North Korea’s vice premier Choe Yong-Gon has been executed for voicing frustration at the policies of leader Kim Jong-Un, South Korea’s Yonhap news agency says.

Choe Yong-Gon, seen here in 2005 photo, is believed to have been executed by a firing squad in North Korea
Choe Yong-Gon, seen here in 2005 photo, is believed to have been executed by a firing squad in North Korea

Choe, who took the job in June 2014, was executed by firing squad in May after voicing opposition to forestry policies promoted by Kim, Yonhap said, citing an anonymous source “with knowledge of the North”.

The vice premier has not been mentioned in the North’s state media since last October, it added, in another apparent sign he had been purged.

The execution of the 63-year-old former delegate for North-South cooperation marks another death of a senior official in a series of high-level purges since Kim Jong-Un took charge in late 2011.

Choe’s death, if confirmed, would be the second reported this year.

Defense minister Hyon Yong-Chol was said to have been executed in April by anti-aircraft fire for insubordination and dozing off during formal military rallies.

South Korea’s unification ministry, which handles the country’s ties with North Korea, said Choe had not been spotted in public for about eight months and that it was closely monitoring the situation.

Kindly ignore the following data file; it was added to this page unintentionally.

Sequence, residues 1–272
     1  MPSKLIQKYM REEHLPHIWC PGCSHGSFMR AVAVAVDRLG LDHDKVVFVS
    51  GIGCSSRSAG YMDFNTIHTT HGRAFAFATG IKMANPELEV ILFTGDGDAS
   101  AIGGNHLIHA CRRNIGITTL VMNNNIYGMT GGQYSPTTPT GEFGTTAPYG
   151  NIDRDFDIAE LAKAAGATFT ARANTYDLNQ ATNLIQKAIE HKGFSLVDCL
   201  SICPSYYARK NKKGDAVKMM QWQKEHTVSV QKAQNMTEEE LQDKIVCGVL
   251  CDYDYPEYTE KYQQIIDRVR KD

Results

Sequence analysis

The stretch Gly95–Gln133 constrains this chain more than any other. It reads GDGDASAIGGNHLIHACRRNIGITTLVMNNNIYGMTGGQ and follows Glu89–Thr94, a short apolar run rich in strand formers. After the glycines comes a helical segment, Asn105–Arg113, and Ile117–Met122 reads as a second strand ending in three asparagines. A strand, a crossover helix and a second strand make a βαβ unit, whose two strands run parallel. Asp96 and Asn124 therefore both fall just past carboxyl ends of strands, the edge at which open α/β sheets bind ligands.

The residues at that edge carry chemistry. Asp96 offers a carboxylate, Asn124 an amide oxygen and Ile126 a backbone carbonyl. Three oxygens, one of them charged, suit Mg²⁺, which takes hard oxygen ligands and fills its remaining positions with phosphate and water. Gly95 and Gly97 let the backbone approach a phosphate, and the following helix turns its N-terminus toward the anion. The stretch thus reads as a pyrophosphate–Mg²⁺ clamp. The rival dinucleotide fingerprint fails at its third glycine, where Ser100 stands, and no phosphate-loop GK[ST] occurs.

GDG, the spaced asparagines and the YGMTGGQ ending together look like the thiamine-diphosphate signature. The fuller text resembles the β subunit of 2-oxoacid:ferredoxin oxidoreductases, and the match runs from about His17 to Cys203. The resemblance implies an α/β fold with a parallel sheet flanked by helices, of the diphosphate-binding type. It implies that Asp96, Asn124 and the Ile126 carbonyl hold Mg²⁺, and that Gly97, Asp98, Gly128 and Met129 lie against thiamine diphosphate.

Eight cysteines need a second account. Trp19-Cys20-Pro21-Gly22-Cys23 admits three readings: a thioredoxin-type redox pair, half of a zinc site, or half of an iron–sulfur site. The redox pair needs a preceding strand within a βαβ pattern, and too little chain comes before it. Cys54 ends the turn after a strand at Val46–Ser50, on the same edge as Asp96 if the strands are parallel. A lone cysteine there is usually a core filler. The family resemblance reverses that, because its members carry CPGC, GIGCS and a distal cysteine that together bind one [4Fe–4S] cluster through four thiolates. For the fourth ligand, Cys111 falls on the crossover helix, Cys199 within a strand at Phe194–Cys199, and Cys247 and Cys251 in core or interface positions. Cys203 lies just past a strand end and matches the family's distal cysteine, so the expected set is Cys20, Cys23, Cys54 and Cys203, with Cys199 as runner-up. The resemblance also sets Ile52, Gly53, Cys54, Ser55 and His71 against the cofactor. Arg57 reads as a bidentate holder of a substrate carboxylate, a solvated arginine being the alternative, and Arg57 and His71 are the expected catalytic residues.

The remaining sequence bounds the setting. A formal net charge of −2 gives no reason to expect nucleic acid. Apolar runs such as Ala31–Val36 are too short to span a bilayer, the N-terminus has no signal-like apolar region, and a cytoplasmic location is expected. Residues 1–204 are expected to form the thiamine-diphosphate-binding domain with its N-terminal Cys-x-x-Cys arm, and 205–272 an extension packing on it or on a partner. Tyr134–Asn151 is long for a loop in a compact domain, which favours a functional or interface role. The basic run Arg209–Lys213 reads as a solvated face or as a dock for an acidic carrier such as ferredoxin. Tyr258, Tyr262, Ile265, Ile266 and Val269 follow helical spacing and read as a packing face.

Choe had worked on inter-Korean affairs in the 2000s, leading the North’s delegation in joint economic cooperation committees with South Korea between 2003 and 2005.

He attended the 2004 opening ceremony of the Kaesong industrial complex, a factory park run by the North with Seoul that is the last remaining joint project of the two countries.

Seoul resumes propaganda war

South Korea Monday ordered border propaganda operations against North Korea to resume for the first time in 11 years, in retaliation for landmine blasts that maimed two of its soldiers during a frontier patrol.

The defense ministry said banks of loudspeakers positioned at various spots along the border would be switched on for the first time since 2004 and used to blast out messages denouncing North Korean provocations.

The move will infuriate North Korea and likely trigger a surge in cross-border tensions at a time of already severely strained relations between Seoul and Pyongyang.

The order came hours after Seoul vowed Pyongyang would pay a “harsh price” for allegedly planting the landmines that detonated last Tuesday in the South Korean half of the Demilitarized Zone (DMZ) — a buffer area flanking both sides of the inter-Korean frontier.

One soldier injured in the blasts underwent a double leg amputation, while another had one leg removed.

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